YouTube Ads - Best for video advertising, allows you to spread your message broadly or narrow in on niche topics based on the subject of the video.
Twitch Ads - Video or banner advertising that works best for B2C products for specialized interests.
3. Choose Your Fighter
Whatever platform you choose, you'll have a variety of different ad types to select from. Your options will vary depending on the platform, but generally speaking, these are the most common types of ads:
Display or Banner Ads - These are image-based ads that typically appear on the top, bottom or sides of pages alongside content. On social media, these appear within a user's feed as they scroll through content.
Search Ads - These are unique to Google and other search engines, but are what most people think of when they hear "PPC." They are hyperlinked text ads that appear alongside organic search results.
Video Ads - These are found most often on YouTube, Facebook and Twitch. These are short videos that usually play before a video.
Choose your ad type based on the content you have and your audience. You may find based on your persona that your audience responds best to video, or they may be more engaged with short snippets of text.
4. Set the Right Budget
This step is easier said than done, and is highly dependent on your industry, your keywords and where you're advertising. On platforms like Google, you set a daily budget and pay per click. Meaning on Google, if your budget is $10 a day and each click costs $5, your ad will stop displaying once you hit 2 clicks a day.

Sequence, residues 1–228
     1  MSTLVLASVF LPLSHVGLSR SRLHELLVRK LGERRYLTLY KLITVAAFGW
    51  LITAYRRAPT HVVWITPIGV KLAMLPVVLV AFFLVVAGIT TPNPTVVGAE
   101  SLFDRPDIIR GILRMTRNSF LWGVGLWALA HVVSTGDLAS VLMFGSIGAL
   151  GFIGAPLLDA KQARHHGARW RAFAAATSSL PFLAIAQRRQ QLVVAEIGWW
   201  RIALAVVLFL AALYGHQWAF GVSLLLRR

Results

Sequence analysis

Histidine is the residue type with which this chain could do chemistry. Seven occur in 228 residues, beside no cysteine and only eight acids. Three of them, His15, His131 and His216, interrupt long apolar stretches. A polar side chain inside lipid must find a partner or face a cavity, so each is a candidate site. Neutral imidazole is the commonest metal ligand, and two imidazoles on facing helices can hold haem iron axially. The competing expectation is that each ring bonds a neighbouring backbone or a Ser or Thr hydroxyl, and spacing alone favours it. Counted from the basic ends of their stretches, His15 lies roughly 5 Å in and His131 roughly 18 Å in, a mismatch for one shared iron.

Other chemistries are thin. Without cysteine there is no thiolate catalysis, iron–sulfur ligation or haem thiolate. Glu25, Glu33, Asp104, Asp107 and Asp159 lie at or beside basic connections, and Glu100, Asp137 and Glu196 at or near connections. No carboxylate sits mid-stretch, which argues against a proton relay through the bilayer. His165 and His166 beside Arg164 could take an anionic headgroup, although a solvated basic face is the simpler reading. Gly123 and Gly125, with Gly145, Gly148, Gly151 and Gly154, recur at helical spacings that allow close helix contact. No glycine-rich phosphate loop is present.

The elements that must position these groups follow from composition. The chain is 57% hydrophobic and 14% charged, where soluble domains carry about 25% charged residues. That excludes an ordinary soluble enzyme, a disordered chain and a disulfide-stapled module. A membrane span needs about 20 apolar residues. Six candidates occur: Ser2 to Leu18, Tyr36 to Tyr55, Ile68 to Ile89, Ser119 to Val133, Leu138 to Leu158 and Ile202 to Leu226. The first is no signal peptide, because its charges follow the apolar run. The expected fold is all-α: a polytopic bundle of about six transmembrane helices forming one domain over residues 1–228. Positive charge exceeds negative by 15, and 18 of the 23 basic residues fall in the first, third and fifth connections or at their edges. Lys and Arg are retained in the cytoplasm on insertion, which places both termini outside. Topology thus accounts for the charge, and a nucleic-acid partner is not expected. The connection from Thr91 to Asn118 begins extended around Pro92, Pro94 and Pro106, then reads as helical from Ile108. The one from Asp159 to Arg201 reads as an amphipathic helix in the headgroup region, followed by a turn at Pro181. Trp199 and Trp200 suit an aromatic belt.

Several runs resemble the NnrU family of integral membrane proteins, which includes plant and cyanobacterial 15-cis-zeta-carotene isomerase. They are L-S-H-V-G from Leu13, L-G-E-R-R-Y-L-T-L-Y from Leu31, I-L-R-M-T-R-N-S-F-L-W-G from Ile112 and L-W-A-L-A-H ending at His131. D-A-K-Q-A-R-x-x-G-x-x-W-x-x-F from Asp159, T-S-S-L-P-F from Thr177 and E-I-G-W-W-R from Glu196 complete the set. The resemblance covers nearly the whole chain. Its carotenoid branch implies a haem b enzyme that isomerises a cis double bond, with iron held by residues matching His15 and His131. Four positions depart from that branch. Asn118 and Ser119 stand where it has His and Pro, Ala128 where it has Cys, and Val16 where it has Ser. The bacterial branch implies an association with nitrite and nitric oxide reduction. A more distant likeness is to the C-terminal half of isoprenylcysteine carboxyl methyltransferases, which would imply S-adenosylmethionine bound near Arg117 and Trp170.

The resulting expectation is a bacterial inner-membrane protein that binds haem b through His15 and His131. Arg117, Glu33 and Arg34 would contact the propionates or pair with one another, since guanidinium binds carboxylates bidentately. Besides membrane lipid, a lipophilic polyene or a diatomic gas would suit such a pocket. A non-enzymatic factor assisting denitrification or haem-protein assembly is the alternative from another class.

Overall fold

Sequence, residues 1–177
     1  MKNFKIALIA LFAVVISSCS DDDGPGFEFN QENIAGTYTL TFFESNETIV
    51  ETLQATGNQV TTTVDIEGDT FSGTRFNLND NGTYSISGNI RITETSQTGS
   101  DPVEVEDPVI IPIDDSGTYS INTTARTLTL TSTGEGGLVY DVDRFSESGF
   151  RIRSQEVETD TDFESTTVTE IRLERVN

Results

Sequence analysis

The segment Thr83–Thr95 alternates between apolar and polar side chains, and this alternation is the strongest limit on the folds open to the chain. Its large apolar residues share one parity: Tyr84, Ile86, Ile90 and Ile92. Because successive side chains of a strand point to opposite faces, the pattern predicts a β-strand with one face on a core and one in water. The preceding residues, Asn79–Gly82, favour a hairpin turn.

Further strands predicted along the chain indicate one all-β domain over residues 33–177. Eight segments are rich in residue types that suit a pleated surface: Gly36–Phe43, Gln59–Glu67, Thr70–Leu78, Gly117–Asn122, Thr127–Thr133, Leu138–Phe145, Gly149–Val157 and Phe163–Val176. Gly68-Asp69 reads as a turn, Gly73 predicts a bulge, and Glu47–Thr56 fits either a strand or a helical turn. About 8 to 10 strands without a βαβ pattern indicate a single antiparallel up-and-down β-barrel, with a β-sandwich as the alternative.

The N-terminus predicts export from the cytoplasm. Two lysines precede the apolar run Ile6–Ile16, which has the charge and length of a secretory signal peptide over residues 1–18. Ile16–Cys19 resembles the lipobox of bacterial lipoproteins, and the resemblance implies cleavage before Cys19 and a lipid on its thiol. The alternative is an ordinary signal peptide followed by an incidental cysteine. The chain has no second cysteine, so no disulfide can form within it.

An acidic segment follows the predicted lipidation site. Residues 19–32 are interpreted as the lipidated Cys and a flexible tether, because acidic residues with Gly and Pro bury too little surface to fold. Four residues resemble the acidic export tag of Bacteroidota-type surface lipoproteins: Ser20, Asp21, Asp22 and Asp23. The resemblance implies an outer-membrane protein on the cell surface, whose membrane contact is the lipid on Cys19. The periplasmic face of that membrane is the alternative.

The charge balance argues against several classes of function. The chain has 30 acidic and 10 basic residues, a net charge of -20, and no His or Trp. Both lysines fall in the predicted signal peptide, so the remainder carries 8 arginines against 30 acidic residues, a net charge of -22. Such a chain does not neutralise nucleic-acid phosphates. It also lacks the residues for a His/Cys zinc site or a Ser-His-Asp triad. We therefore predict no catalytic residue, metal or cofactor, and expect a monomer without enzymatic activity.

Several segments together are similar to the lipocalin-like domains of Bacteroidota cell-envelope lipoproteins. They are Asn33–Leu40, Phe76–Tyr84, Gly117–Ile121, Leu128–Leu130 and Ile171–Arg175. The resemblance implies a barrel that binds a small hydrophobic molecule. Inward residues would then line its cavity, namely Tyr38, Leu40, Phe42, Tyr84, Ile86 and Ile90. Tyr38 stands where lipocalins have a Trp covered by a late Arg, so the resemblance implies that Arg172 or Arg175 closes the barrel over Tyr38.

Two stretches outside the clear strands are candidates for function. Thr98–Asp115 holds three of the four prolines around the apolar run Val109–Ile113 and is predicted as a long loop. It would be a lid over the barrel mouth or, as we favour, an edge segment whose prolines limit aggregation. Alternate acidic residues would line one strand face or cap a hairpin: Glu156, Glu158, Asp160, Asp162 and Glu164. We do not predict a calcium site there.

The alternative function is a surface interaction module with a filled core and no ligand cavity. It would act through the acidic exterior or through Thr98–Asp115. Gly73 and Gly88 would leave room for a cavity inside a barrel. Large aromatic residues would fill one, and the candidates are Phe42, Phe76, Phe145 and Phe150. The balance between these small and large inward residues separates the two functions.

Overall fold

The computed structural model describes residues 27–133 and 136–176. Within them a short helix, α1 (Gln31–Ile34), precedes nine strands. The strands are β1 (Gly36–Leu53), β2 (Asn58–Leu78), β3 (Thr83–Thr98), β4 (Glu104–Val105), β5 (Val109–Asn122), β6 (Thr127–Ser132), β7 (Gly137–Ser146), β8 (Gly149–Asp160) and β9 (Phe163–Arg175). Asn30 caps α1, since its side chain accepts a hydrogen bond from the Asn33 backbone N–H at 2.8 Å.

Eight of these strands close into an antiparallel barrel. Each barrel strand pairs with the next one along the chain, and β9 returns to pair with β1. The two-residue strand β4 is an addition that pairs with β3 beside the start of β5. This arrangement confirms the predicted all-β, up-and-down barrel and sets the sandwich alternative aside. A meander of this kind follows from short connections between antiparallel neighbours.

However, on most social media sites, you set a total budget that runs in increments. You can choose a daily budget or a lifetime budget. So if your total budget is $100, you can run an ad $10 a day for 10 days or $100 a day for 1 day.
Most online ad platforms have forecasting features in place to help you know what to expect in terms of results for your budget. On Google, what keywords you choose will drastically impact your budget. Some keywords cost as little as 2 cents per click while some can cost as much as $50! This is where keyword research comes into play.
5. Give Leads an Obvious Action
Have you thought intentionally about where you're sending people who click on your ad, or are you just sending them to your homepage? If you're not clear on the next step a lead needs to take, then you're going to lose them.
Think about what your ad is all about - are you selling a specific product? Then it makes sense to have that ad point right to that product page. But what if it's a service? What if you need them to make an appointment first? Be intentional on where you're sending people, and make sure you give them a form to fill out. If you're not already using one, landing pages are key for helping convert leads. They are exactly what they sound like: a page where someone lands after clicking on an ad.
Let's take a look at this landing page designed for conversion:
This makes it clear to someone reading the page what exactly they offer is, and exactly what they need to do next.
Before writing off online ads altogether, make sure you're following best practices for online ads. Knowing who you want to target, where to reach them and what content speaks to them will allow you to create the best PPC campaigns you can.
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Free Guide: The Beginner's Guide to Inbound Marketing
In this download you'll find:
- A step-by-step guide on how to create an inbound marketing strategy, including building buyer personas and setting SMART goals
- Sample lead magnets to use in your inbound marketing campaigns
- Step-by-step instructions to create a lead capture form
- A checklist for creating an effective landing page
- Instructions for building automated emails
- Actionable tips for marketing your campaign to a new audience
- Steps for optimizing your campaign for search engines